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Heights of beauty, tradition on Shima Peninsula

Dozens of islands are seen in Ago Bay in Shima, Mie Prefecture. The G-7 Summit will be held on Kashiko Island seen in the center. (Mainichi)

Ago Bay in the southernmost area of Mie Prefecture's Shima Peninsula is known for its complex, deeply indented coastline. The bay has more than 60 islands of varying sizes, and the sea is dotted with a countless number of rafts utilized for cultivating pearls -- thereby giving the area its own uniquely picturesque flavor.

    I visited the Yokoyama observation point in the city of Shima, which overlooks Ago Bay. While it is possible to drive up to the entrance, you must walk from there to the actual observation platform, located 140 meters above sea level.

    A tour guide shows people around Yokoyama observatory in Mie Prefecture. (Mainichi)

    Visitors have their choice of two different paths: a gently sloping one that affords sweeping views of the bay, or a stone stairway that is shorter but more challenging to climb.

    I chose the latter at the suggestion of my guide, and just as I was getting out of breath from lack of exercise, the tree-lined view at the top suddenly gave way to a stunning vista of islands stretching far off into the distance, along with coves opening into Ago Bay.

    The view from the Yokoyama observation platform received a star in the Michelin Green Guide Japan -- high-profile recognition for this place of obvious and impressive beauty.

    Ama divers are seen preparing oysters and scallops on a fire place in Toba, Mie Prefecture. (Mainichi)

    For those who love a good sunset, a trip is also recommended to Tomoyama Park, located on the bay's eastern side.

    After enjoying my visit to the observatory, I next went to the city of Toba, which faces Ise Bay and is known for its rich maritime culture.

    The Ise-Shima area, which is located along the Shima Peninsula and includes the cities of Ise, Shima and Toba, is home to the "ama" divers, who have collected shells and marine alga for some 3,000 years.

    The signboard for the "Osatsu Kamado" ama divers' hut. (Mainichi)

    As of 2014, around 500 of the 2,000-some ama divers in Japan were working in the city of Toba. I visited one of their huts in the local town of Osatsu, known as the Osatsu Kamado.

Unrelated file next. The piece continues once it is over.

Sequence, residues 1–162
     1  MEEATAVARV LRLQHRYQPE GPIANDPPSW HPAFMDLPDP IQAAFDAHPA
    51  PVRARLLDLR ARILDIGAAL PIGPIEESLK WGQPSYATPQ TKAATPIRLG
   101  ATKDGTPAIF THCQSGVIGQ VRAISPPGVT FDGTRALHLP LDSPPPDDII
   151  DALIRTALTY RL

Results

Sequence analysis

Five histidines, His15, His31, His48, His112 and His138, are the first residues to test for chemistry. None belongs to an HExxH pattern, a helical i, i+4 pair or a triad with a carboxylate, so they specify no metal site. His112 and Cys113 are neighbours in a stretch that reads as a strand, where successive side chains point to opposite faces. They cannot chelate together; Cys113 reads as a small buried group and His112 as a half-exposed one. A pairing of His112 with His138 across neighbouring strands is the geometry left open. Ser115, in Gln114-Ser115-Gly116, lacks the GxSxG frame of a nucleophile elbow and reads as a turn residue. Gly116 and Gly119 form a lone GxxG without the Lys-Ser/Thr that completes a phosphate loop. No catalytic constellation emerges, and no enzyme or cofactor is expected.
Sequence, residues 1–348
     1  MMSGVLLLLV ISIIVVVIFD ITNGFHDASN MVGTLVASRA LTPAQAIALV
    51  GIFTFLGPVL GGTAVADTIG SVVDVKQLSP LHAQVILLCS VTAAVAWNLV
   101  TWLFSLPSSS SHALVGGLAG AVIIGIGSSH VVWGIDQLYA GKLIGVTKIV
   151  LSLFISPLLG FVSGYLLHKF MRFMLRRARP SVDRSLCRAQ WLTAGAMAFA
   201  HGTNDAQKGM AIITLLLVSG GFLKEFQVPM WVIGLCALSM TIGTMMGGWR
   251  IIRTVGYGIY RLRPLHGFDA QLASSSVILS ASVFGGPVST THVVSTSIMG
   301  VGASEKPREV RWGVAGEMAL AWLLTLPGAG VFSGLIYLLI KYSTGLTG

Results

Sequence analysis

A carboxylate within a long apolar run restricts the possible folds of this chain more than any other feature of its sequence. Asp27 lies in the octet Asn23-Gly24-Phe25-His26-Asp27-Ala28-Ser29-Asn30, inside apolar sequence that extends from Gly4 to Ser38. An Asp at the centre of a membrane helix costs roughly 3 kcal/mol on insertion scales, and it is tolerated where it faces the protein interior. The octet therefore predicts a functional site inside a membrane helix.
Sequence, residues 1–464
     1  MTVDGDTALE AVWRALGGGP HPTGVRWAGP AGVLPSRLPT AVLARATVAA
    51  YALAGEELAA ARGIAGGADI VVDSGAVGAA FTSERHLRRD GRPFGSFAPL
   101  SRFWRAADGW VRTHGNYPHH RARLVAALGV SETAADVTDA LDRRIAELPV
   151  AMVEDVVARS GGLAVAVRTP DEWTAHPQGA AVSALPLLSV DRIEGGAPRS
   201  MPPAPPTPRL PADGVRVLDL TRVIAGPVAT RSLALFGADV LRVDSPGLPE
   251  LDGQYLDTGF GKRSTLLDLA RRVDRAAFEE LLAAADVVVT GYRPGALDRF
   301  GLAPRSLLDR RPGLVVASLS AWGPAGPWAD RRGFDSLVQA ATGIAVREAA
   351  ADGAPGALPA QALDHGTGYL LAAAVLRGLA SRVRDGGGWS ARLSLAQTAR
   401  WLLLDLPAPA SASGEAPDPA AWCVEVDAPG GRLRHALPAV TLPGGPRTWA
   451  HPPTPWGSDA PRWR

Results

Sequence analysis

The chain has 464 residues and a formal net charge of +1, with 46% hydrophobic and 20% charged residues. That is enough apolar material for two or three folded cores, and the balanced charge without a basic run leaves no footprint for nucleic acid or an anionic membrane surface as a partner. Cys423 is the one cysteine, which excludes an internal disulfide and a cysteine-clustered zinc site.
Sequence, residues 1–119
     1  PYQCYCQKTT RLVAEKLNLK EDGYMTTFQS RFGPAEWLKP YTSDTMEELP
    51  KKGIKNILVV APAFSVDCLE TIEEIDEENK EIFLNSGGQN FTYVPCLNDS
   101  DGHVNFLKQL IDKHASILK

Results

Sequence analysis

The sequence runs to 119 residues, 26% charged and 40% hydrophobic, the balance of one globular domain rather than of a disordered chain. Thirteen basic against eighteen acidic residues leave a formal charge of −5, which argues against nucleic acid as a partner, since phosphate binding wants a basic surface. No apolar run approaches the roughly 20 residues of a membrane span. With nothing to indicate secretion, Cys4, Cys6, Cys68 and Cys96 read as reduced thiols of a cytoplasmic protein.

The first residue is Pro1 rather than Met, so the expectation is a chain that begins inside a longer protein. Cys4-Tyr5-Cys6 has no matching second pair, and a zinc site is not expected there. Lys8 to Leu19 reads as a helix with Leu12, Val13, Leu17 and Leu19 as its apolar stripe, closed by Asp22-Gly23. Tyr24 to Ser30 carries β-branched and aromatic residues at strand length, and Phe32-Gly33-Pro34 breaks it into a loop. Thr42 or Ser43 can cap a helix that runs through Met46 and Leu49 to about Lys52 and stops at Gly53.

The huts are an important place for the ama divers, since this is where they warm up after returning from the ocean, and eat their meals while chatting among themselves. The huts have recently been opened to tourists, for whom the women grill fresh shellfish on open hearth fires. I visited the Osatsu Kamado at lunchtime, and was able to enjoy some fragrantly tasty grilled oysters and scallops.

    Most of the divers are in their 60s and 70s, with some still going strong in their 80s. They are healthy and effervescent -- and I'll just bet that the secret lies in the nourishment from the gorgeous ocean surrounding them. (By Miho Kamei, Staff Writer)

    --What to eat in the Ise-Shima region

    Ise-udon, a local specialty to the Ise-Shima region, is seen. (Mainichi)

    The Ise-Shima region has been known for its delicious food since ancient times. In the ancient poetry anthology "Manyoshu," the area was referred to as "Miketsukuni," or supplier of food to the Yamato Imperial Court. The Japanese word for spiny lobster has "Ise" in its name, and as one might guess, the area has plenty of fresh seafood, including abalone and edible seaweed. One must-try local specialty is Ise-udon. This noodle meal may transcend your knowledge of ordinary udon, as the extra-thick noodles are boiled for an hour, becoming fluffy and soft, and are then dipped in a heavy, black sauce -- not soup!

    Ise-ebi, Japanese spiny lobster, is designated a seafood of Mie Prefecture. They are popular as a good luck food enjoyed on New Year's Day. (Mainichi)

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